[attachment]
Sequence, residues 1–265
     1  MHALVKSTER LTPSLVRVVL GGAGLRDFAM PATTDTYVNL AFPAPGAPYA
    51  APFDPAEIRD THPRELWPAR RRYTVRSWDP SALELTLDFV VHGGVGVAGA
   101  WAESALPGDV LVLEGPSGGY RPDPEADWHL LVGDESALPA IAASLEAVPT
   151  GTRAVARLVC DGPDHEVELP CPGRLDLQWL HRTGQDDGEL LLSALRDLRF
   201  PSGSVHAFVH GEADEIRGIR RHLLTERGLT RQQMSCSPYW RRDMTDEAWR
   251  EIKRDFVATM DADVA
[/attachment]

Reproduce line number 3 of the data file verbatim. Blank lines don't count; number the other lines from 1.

    51  APFDPAEIRD THPRELWPAR RRYTVRSWDP SALELTLDFV VHGGVGVAGA